Just in the last week or so, people have been talking about the aurora, because it was visible in our night skies not too long ago. If we're lucky, we will see it again. But what is it? The aurora borealis is a beautiful display of lights that can be seen over the northern pole of the Earth. It will appear in the northern part of the sky and have a ribbon-like shape that changes and shimmers in time. It will have hues that range from very pale white to green to blue and sometimes purple. Usually it is most visible in more northern latitudes, such as Canada and Alaska, although if it is bright enough and large enough it can be visible as far south as Florida.
There is a similar phenomenon called the aurora australis in the southern hemisphere that behaves the same way. And this gives us the first clues as to where this beautiful display of lights comes from. The north and south poles of the Earth correspond roughly to the poles of the earth's magnetic field. And just as iron filings are attracted to the north and south poles of a bar magnet, the Earth attracts charged particles such as protons to its poles. These particles originate from the sun, which gives off a slow stream of these particles in what is called the solar wind.
If these charged particles strike the atmosphere, they will inevitably crash into an air molecule or atom and often the collision will eject an electron. Since air molecules and atoms like to keep their electrons they will eventually snag a new electron. That process releases light and voila you have an aurora. Because the aurora depends on the solar wind, as the solar wind changes so does the aurora. If there are lots of particles streaming from the sun, then there will be a bright aurora. This year we are lucky, the sun is very active and so will often eject lots of material into space which causes very strong and beautiful auroras.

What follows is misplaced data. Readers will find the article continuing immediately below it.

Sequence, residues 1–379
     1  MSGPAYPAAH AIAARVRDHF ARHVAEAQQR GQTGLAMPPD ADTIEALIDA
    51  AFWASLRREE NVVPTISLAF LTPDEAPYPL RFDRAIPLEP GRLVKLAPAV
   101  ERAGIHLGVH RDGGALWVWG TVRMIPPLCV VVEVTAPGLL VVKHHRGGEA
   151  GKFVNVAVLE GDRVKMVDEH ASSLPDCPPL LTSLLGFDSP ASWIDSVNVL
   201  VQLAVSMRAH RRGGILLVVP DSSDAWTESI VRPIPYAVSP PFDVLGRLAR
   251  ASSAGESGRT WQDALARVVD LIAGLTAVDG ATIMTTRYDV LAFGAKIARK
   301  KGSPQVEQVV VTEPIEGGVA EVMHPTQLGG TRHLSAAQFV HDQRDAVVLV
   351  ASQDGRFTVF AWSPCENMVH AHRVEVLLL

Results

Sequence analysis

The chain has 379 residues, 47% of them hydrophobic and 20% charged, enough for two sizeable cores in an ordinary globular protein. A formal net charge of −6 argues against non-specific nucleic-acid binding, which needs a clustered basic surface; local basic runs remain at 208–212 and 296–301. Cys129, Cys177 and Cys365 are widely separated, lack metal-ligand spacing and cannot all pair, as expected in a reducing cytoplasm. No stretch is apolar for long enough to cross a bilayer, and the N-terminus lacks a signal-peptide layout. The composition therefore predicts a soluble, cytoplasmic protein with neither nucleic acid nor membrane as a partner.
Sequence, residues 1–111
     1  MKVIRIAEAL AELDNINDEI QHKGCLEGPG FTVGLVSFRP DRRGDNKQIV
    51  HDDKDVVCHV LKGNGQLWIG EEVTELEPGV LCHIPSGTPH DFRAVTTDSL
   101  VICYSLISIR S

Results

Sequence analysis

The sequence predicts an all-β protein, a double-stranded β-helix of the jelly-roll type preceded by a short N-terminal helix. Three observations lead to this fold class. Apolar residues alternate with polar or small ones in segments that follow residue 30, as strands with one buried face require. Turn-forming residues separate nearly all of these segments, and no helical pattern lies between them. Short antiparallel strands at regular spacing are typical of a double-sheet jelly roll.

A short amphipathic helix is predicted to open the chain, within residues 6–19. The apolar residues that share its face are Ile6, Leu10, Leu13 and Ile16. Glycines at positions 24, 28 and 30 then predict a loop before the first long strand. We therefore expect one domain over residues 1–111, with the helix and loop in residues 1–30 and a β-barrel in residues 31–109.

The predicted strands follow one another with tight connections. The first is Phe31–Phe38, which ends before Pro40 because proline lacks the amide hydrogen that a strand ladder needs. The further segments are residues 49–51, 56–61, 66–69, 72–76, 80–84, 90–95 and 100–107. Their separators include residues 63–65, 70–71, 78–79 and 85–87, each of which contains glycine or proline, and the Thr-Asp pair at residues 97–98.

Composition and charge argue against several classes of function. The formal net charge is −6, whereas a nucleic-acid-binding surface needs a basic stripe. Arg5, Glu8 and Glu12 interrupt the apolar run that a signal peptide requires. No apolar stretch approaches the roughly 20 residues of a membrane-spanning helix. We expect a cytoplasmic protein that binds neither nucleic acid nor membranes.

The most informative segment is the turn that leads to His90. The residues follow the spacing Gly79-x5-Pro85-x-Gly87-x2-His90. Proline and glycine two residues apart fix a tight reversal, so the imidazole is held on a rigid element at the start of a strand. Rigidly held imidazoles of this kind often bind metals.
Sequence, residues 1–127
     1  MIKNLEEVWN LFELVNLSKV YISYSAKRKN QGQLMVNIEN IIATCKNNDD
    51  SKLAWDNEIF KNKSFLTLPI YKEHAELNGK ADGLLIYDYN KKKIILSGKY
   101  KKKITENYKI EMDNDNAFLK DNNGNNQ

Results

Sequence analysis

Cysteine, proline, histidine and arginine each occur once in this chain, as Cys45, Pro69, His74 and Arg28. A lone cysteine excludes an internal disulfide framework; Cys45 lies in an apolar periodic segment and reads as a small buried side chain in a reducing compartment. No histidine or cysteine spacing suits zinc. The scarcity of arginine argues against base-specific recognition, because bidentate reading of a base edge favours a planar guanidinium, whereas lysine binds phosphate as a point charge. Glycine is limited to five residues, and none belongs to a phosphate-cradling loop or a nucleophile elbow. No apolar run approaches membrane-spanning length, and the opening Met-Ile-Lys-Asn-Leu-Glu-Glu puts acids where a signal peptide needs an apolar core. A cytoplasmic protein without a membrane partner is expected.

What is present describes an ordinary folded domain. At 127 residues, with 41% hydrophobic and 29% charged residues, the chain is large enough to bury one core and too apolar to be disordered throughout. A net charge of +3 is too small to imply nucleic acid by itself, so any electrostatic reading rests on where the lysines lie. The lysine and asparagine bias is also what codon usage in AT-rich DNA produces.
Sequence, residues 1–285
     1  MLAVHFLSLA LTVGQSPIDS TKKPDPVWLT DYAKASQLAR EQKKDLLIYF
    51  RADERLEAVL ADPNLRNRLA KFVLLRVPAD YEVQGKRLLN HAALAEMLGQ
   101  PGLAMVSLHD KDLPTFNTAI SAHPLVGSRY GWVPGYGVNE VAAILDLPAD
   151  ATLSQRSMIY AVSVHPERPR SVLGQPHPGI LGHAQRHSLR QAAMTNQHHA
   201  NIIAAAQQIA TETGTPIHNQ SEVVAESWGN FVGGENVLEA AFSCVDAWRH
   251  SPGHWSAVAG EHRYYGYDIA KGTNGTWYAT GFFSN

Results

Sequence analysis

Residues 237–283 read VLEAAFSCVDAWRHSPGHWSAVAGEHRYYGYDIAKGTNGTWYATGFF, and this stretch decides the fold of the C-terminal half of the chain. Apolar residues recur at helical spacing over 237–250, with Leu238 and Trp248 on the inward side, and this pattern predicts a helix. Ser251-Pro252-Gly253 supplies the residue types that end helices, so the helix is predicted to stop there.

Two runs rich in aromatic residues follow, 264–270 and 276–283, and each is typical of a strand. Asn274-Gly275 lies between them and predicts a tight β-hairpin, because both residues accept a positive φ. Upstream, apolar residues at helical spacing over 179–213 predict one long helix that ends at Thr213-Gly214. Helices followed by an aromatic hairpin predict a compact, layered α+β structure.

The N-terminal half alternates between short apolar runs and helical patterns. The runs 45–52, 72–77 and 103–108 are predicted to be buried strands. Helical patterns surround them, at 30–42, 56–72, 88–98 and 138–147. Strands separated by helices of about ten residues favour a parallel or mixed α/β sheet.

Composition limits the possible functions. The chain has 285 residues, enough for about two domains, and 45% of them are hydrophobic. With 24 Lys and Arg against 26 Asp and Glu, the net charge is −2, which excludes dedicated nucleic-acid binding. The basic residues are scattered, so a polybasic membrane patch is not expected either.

The last time I saw the aurora was here in State College while watching for meteors. A few days before, the sun had a huge flare which released a very strong solar wind, creating a beautiful addition to the already fun hunt for meteors! If you want to try to see the aurora, the best place to be is somewhere dark and relatively flat so that you can have a good view of the horizon. You need to look towards the North.
The best way to do that is to find the Big Dipper, which looks like a huge ice cream scooper. The two stars at the edge of the scooper form a line that will point you towards the pole star or Polaris, which is due north. You also need to go out on a night when they predict that the aurora will be strong, since we don't often have a good chance of seeing it. Websites like space.com, spaceweather.com and skyandtelescope.com will have stories with links to forecasting sites and email alerts so you can try and find the likely days of next big storm.